Jan 20, 2018
As the morning fog drifts through parts of the city at the bottom of the hill, the buildings at the top of the hill are bathed in sunshine. The Alcacova palace, converted to the University of Coimbra is bathed in fitful sunshine. The ornate entrance, doorways to separate buildings may have a museum-like quality but this is no museum. The hallways inside are thronged by students, intent on last-minute cramming for an upcoming exam while in another wing, a professor takes rollcall.
It says much for a city, indeed a country, when ornate and beautiful buildings that had once been palaces, are ear-marked for use as universities. And the one in Coimbra is one such. Begun in 1290 AD, this is the oldest University in Portugal and ranks as one of the oldest in the world that has been in continuous operation. Originally started in Lisbon, its permanent move to Coimbra was made in 1537 AD.
Since the days when it taught only Law and Theology, The university has expanded into the usual disciplines, housed in separate buildings. A long avenue leads out of the ornate gate, lined by modern buildings housing departments of Medicine, Physics, Chemistry and Mathematics. I spent a happy morning wandering in and out of buildings and paid homage to King Dinis for his enlightened views.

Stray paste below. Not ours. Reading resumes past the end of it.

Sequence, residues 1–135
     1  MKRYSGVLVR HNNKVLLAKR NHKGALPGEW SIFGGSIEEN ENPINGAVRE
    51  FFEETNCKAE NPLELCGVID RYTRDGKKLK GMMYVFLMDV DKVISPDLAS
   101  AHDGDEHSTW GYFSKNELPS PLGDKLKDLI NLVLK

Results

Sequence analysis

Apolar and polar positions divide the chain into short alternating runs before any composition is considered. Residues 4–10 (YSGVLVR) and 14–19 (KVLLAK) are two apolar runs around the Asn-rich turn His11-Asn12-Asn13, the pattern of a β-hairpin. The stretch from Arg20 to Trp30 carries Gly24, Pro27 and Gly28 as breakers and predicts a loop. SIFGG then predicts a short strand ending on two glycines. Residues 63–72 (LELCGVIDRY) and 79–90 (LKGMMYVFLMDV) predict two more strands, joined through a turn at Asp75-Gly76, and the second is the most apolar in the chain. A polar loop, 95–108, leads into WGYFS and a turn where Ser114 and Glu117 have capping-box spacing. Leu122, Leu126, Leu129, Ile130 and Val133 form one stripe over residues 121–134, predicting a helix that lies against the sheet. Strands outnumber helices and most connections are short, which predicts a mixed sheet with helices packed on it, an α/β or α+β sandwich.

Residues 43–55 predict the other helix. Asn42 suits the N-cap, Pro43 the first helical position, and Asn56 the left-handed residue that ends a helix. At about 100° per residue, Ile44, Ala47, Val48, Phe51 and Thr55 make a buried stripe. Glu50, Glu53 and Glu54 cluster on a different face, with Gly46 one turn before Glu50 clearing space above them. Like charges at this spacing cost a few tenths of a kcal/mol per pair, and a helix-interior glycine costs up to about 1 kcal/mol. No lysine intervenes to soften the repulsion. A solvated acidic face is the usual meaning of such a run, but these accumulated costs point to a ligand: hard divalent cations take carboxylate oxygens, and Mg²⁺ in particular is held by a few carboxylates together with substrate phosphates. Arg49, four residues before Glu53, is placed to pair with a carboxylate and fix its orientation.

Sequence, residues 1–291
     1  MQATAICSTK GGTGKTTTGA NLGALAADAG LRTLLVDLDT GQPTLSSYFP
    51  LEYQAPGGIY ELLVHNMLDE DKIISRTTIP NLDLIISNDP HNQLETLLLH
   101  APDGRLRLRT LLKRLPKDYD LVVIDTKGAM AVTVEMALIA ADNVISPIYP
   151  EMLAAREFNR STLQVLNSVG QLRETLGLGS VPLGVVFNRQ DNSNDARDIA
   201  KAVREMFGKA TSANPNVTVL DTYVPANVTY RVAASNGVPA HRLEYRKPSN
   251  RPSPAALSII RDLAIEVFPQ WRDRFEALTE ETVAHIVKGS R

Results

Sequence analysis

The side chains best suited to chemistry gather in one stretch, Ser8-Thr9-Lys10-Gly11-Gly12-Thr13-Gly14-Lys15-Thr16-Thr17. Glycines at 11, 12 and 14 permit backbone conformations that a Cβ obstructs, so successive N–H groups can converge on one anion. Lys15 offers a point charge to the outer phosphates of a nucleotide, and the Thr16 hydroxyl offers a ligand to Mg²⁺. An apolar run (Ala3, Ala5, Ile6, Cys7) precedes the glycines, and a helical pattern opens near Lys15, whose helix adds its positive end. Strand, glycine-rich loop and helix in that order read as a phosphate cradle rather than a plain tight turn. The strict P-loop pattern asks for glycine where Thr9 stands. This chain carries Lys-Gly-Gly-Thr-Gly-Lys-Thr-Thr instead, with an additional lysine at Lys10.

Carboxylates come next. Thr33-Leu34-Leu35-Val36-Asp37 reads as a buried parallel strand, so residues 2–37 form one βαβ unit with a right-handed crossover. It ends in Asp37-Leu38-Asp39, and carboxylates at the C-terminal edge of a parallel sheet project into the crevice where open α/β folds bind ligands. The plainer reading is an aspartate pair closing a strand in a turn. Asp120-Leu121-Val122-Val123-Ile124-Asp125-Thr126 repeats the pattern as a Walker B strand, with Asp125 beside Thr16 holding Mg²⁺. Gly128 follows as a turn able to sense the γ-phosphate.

Steep steps stagger down the hill past notable landmarks like the Almedina arch and tower and there is the usual scattering of churches. The main avenue is a disappointing stretch of usual tourist kitsch slowly encroaching into neighboring areas. The narrow winding lanes behind Praca Comercial are slightly better. Not for long though, if the number of buildings draped in scaffolding and frenzy of jackhammers are anything to go by. Having expected a lot from Coimbra, I felt strangely let down.